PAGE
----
What is it? But what I really love learning about people is what are the things that they do habitually as a practice that, that, that basically facilitate their success? You know, what would you are there things that you do that are kind of non negotiable, or you try to fit in as much as possible? Because they make you better?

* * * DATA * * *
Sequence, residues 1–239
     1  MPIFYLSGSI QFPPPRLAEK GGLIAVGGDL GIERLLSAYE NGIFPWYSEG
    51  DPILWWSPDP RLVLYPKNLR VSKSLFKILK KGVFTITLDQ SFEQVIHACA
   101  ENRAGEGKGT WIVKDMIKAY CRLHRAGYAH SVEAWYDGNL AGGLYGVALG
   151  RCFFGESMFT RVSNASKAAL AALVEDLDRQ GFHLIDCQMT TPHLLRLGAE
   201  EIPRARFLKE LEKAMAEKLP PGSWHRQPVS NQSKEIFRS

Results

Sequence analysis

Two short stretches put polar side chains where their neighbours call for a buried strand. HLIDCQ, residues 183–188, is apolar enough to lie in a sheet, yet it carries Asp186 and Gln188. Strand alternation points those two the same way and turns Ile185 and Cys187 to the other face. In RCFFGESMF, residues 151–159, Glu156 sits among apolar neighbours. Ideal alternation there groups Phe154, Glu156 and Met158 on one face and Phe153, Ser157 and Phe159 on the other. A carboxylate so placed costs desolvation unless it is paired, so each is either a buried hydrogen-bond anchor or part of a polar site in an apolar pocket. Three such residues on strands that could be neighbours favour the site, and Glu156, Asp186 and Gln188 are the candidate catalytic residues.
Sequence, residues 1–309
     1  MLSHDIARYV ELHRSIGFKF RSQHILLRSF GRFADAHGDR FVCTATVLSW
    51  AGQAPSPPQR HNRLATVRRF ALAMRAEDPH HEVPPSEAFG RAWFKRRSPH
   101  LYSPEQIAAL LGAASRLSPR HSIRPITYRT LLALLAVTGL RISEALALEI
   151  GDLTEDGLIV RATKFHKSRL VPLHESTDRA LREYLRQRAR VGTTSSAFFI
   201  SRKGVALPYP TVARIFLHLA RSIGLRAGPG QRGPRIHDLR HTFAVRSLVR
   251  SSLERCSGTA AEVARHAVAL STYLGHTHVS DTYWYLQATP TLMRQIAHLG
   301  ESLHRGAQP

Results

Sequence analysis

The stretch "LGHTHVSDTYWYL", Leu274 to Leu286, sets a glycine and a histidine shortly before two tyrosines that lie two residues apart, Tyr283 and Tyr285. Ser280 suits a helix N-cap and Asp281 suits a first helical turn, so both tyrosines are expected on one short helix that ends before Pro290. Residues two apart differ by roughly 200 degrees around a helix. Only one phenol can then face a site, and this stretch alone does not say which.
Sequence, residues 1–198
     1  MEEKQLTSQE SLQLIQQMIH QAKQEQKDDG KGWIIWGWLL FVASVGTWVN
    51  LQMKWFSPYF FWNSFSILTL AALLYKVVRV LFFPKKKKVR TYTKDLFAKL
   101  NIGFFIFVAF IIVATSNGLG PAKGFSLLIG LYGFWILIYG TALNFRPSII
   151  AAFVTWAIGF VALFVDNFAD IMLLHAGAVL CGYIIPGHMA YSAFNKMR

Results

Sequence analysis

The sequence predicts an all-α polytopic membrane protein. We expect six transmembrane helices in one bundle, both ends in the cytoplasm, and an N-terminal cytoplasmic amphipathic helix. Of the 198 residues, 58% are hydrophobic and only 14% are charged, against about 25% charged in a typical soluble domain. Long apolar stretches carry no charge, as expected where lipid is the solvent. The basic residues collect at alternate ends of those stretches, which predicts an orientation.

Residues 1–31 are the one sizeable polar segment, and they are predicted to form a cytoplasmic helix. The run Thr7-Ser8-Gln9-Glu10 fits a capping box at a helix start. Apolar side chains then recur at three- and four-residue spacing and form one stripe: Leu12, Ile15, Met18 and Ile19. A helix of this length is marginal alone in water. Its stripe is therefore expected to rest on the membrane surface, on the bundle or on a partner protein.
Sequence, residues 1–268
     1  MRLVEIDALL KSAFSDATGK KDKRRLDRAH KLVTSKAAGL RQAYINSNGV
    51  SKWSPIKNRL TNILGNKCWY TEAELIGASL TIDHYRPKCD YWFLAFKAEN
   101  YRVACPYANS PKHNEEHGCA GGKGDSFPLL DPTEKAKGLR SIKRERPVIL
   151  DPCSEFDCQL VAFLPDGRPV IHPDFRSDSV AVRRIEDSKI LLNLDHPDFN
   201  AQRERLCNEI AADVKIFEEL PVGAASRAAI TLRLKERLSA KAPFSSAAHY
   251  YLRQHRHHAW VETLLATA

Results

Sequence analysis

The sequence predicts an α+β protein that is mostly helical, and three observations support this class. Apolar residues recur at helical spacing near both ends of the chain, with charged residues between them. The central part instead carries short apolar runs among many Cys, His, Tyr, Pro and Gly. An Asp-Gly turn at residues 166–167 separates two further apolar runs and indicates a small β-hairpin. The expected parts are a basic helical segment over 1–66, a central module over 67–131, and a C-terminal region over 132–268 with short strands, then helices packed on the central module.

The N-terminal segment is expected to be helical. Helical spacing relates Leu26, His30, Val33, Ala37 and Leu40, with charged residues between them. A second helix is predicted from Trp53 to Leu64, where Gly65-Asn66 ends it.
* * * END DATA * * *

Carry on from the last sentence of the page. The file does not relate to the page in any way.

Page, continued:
And I'd say, one thing probably would be anytime I don't want to do something, or anytime I'm like, oh, man, this sucks. Or I'm kind of feeling sorry for myself, whatever it may be, doesn't matter how tough you are. You had those are? Absolutely, yeah. And it's like, I'm like, I kind of think about like, like the brand and like the gym you know, in the gyms motto at the gym is kind of changed a little bit like the old model, stronger, faster, harder to kill. And we use that a lot. Now we're kind of more like, hey, this train smart, let's train, let's be disciplined with our training. But ultimately, it's kind of like, like, what I tell my athletes if they came in, like, they're like, oh, just like, I don't want to sandbag get ups. Right. Yeah. You know, it's like, Hey, man, like this is this is what you signed up for. Right? Yeah. Like, if he didn't want to do that, then go to Gold's Gym, you know, and you can do all the arm curls you want and you could, you know, walk on the treadmill and listen to the pop music, you know, it's, so I think, for me, just kind of like, because of the brand that we've created. It holds me accountable on a daily basis, right? You know, where it's like, I got to come in here and train like, it's like I came in. It was Sunday, I taught a class in the morning, I was like, I have to train like I have to do programming because I'm be familiar with it. I need to be proficient in it. And the lifts and I still need to be able to lead from the front. So I think that's one component. Personally, not so much aligned with the gym is I try to just be like, I guess appreciative of like the situation I'm in Yeah, and, and nothing is really that big a deal. You know? If something goes wrong with the gym, like, a lot of times I'll have a conversation with the athlete, they do something that goes against the culture of the gym. And it's like, I don't know, I don't get mad. It doesn't even really bother me that much. But I'll pull them aside and be like, Hey, man, like, this is how we do things. And if you don't like it, I'm more than happy to refund your money, and you can go somewhere else. Yeah, you know. And I think just having that kind of adult mindset and talking to people, like not trying to dress them down. I mean, you had a conversation earlier about, like, no poor leadership, and you know, getting dressed down. But the point is, is, you know, the gym that we have now has very successful people in it. I mean, to pay roughly $200 or more a month, you have to make decent money, you know, and so everyone is good at something. Who comes here? Yeah, I don't know how many Trust Fund kids are out in our gym training. Right now, most people have earned their money and have the discretionary income to pay for a premium service. And so you just have a very honest, upfront conversation with him, like, hey, like, this is, this is how we do things here. And you understand that? And they go like, yes, it's like, okay, so you understand that if you don't want to do things the way we do, then I'm more than happy to like a refund, even if it's, you know, two weeks, or whatever, yeah. And then there's other places that provide a service that may be more appropriate for you. It's not personal. It's just like an honest conversation with someone. And so whenever things pop up like that, I think, to me, it helps like just address it like very upfront, very clear, non emotional, yeah, it's not gonna hurt my feelings. I'm not angry at you, but understand, like, we have to do things a certain way to maintain who we are. And again, I had this conversations with multiple before.